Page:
KH: What is your motivation for rebranding?

KK: Yeah pretty much everyone is confused. Even I get confused from time to time and I’m in charge of all the messaging so that’s not a good sign. I do all of the CIE newsletters and external communication and a lot of the time my boss will want to put in SBDC events which aren’t technically associated with CIE but may involved using the Hot House, which is run by CIE. It gets pretty tricky pretty quickly and even I sometimes struggle with identifying which logo goes where and who is sponsoring which event. Imagine how confusing that would be to the outside observer!

KH: Yeah, I’ve been to a few CIE events and couldn’t tell you the difference between CIE, the Hot House, Accelerator, SBDC, and Start-Up Weekend…beyond the fact that one is an event and one is a building. Right?

KK: Exactly my point. That the problem and its worth fixing.

KH: What elements make a brand successful, in your opinion?

KK: Yes I’ve definitely witnessed successes and failures in my years at CIE. There was one fledgling idea from Start Up weekend – I can’t remember the name – but they started out as a crowd-sourcing application to tell people where to sit if they want to catch fly balls. By the end of the weekend they had developed into a crowd-sourced ticketing app, which had a lot of potential, but their initial name was Swizz. Swizz! That’s just awful I think and doesn’t give any indication of what the app does. It was a good illustration of this point: of course you have to have a good product to be successful, but your name is also very important. It should be something that is short, easy to remember, and also not stupid. So many start-ups have dumb names because they want to seem cool and different but that’s not the way to distinguish your brand. A good brand goes beyond a name and logo, though those are important since they are what people see. A big thing to remember is your value statement. Why does your company exist? What does it promise consumers? What associations do people have with it? What makes it stand out? You need to answer those questions and build a brand identity from that.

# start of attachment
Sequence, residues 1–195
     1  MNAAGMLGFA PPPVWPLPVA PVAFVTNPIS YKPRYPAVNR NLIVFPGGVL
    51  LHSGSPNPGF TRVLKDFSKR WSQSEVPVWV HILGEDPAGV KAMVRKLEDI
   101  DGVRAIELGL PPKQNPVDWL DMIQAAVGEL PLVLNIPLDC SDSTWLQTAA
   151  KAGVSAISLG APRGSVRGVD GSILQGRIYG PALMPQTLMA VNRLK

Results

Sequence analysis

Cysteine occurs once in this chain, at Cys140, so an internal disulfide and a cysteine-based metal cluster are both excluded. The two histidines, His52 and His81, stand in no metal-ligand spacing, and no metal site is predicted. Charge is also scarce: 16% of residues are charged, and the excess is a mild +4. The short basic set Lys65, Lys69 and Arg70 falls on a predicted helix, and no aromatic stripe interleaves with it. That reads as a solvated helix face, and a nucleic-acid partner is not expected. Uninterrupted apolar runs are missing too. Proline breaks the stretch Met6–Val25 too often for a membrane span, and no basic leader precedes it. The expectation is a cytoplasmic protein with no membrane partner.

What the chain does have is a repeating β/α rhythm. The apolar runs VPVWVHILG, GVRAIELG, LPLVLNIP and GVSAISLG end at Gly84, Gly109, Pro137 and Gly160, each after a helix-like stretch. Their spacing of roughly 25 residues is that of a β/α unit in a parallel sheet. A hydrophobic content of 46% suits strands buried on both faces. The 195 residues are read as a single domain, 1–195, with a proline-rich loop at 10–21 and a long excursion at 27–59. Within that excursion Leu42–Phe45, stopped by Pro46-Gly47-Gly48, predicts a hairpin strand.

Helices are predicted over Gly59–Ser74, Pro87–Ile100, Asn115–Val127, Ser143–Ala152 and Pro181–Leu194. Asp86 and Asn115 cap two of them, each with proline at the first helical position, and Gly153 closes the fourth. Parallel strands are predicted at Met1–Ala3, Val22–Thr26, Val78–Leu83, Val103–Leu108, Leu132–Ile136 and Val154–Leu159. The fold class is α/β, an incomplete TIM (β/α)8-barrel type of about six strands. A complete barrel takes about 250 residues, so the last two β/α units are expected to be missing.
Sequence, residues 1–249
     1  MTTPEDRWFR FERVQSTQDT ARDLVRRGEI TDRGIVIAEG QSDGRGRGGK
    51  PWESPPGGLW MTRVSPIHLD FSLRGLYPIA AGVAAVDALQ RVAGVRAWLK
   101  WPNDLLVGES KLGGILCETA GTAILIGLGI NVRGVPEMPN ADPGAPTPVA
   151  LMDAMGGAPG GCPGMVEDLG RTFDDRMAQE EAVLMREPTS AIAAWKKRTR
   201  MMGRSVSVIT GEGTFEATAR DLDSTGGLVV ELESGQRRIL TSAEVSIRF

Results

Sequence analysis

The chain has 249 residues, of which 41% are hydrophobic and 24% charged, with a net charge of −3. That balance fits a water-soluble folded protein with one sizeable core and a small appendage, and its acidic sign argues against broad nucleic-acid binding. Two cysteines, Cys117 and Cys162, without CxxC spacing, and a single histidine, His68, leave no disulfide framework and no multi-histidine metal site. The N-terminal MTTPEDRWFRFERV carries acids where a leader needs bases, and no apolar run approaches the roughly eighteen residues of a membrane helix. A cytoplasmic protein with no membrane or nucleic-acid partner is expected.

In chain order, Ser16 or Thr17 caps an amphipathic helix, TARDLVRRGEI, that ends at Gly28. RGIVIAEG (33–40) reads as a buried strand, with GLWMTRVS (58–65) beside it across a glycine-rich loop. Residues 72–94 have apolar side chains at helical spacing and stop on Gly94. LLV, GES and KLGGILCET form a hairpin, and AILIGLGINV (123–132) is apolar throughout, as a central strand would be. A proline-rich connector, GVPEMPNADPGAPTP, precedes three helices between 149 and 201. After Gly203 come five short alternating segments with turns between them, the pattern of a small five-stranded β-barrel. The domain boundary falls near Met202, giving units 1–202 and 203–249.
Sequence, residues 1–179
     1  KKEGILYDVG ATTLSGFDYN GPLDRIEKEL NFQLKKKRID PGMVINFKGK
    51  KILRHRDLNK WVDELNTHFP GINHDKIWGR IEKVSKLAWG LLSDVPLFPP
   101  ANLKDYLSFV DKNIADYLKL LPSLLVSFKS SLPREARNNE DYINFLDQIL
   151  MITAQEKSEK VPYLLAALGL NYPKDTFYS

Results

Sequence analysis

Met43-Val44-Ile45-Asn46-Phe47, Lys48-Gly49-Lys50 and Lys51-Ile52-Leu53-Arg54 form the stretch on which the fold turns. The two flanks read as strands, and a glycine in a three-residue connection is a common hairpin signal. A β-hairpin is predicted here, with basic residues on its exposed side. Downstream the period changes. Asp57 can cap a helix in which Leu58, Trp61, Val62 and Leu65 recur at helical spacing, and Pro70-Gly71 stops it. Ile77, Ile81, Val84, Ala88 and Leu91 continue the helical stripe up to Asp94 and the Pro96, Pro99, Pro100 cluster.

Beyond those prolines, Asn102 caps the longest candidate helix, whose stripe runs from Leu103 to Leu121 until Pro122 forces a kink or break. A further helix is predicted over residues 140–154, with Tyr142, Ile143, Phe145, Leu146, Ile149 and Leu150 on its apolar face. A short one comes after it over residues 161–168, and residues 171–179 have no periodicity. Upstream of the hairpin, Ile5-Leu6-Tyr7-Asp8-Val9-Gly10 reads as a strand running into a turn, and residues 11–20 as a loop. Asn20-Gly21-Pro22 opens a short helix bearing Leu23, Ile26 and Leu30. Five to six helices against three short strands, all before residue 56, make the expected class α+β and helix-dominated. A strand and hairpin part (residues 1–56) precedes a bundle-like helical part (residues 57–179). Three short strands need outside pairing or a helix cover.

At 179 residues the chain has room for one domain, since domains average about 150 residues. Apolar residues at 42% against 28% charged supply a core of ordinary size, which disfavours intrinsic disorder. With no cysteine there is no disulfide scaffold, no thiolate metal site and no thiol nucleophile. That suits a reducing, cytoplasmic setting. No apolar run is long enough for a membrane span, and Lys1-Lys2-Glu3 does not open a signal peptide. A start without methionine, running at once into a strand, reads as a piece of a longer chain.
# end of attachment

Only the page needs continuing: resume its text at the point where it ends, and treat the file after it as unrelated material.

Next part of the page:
KH: Good advice. Any specific examples of this principle?

KK: Neighbor Favor/Favor comes to mind. This is a Cal Poly start-up turned nationally successful app where friends could request favors of each other. It has since evolved into a food- delivery service with a fleet of drivers to do favors. Anyway, their product did change a little bit and now they’re just called Favor, but I think Neighbor Favor (abbreviated Neighb Fav) was a

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little more playful and frankly better communicated what they set out to do. Favor doesn’t really tell you what they do. Favor could mean a lot of things. Favor isn’t a bad name, it’s shorter and simpler which is always good, but I think they should have kept the old name. The change hasn’t really affected them all that much but that’s one of those things where there are a million food delivery apps and Favor doesn’t sound too unique to me. Besides the name change, they went through a long process and did lots of focus groups to come up with their logo and tagline, and overall look and feel. That’s the cool thing about CIE is we have lots of resources and experts in the subjects of entrepreneurship and marketing to guide start-ups in and set them up for success.

KH: Can you think of anything specific to avoid when rebranding?